Texas librarian's big stand against book bans

In Llano County, a local librarian fought back against censorship, prompting a federal court fight and national recognition but losing the job of her dreams.

click to enlarge Suzette Baker speaks at the Authors Guild Foundation’s 32nd Annual Gala. - Courtesy Photo / Author's Guild Foundation (Photo by Beowulf Sheehan)
Courtesy Photo / Author's Guild Foundation (Photo by Beowulf Sheehan)
Suzette Baker speaks at the Authors Guild Foundation’s 32nd Annual Gala.
This article was originally published by the Texas Observer, a nonprofit investigative news outlet. Sign up for their weekly newsletter, or follow them on Facebook and Twitter.

Suzette Baker, from unincorporated Kingsland, was feted recently by the Authors Guild in New York City as a “Champion of Writers” — the first-ever recipient of a national award established to honor librarians who fight book bans.

In 2022, ​​she was fired from her job as a Llano County librarian after resisting orders to ban books and protesting against censorship. In response to Baker’s story, a local mom named Leila Leah Green and other library patrons filed a federal lawsuit, supported by the Author’s Guild. In 2023, they won a court order that forced county officials to restore eight of the 17 titles that had been removed from library shelves.

“Baker’s brave defense of her community’s right to read is a testament to the vital role librarians play in upholding free speech and creative expression in the face of censorship,” said Mary Rasenberger, CEO of the Authors Guild, the nation’s oldest and largest writers organization.

Baker continues to fight for freedom of expression and is pursuing her own wrongful termination lawsuit against the Llano County officials. Still, in some ways, Baker, a mother of five and grandmother of two, would rather still be working in the Kingsland Branch Library, assembling quirky displays, recommending books, and helping adults and kids access the internet. Being a small-town librarian was her dream job. The Observer spoke to her about books and censorship.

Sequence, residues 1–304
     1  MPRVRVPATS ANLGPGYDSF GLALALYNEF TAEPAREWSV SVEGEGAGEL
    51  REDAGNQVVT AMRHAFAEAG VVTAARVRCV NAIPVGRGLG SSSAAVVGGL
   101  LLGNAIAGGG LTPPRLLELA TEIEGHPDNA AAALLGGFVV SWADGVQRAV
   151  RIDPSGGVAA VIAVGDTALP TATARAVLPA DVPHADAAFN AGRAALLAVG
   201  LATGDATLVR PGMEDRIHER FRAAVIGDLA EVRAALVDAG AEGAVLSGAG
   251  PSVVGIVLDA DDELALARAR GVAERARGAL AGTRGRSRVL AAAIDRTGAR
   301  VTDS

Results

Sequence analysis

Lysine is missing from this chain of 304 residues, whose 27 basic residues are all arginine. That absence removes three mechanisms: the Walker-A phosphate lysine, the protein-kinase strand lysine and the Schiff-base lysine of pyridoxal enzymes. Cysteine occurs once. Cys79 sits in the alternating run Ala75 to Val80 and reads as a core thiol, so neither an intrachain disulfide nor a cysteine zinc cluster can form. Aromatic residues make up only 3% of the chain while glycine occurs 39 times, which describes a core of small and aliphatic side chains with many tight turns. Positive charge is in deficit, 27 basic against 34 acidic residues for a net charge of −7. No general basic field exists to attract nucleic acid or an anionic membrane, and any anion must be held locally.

TO: The lawsuit you filed in 2024 tells how you got fired. It started with something so simple: putting up a display in your branch library. Did you know at the time the display could get you in trouble?

No, that’s the funny part! So we had a marquee, and I was always putting up funny little signs. That was just a constant thing. And I put little quirky things on the billboard outside, and it brought people into the library. … And so after the Tennessee burning of the Harry Potter books by the minister in 2022 [which was live-streamed], I decided to put a sign on the marquee, which said: “We put the Lit in literature,” a pun. And then, on the inside, “Check out our lit books” or something like that next to a display of the most commonly challenged books.

Some of the books were ones that you’d been ordered to remove from the collection right?

The books included some on a list that Bonnie Wallace [a member of the Llano County library advisory board] had sent us. I put that all onto the display because if people are telling you that you shouldn’t read this, the first thing you think of should be: “Well, why not? What is their motivation behind this? And is it true?” And everything on the list that [Wallace] sent me as quote-unquote “pornographic” was not pornographic in the least bit. It just isn’t. 

So I put it on there for people to see, and I had sent a screenshot to Amber Millum, who was the [Llano County system] library director and she sent me a text back: “Hahahaha awesome.”

And then the next day, Amber Millum called me up. She said, “You’ve got to take it down.”

So obviously someone had called her in between?

Oh, yeah. Somebody yanked her chain and made her do it.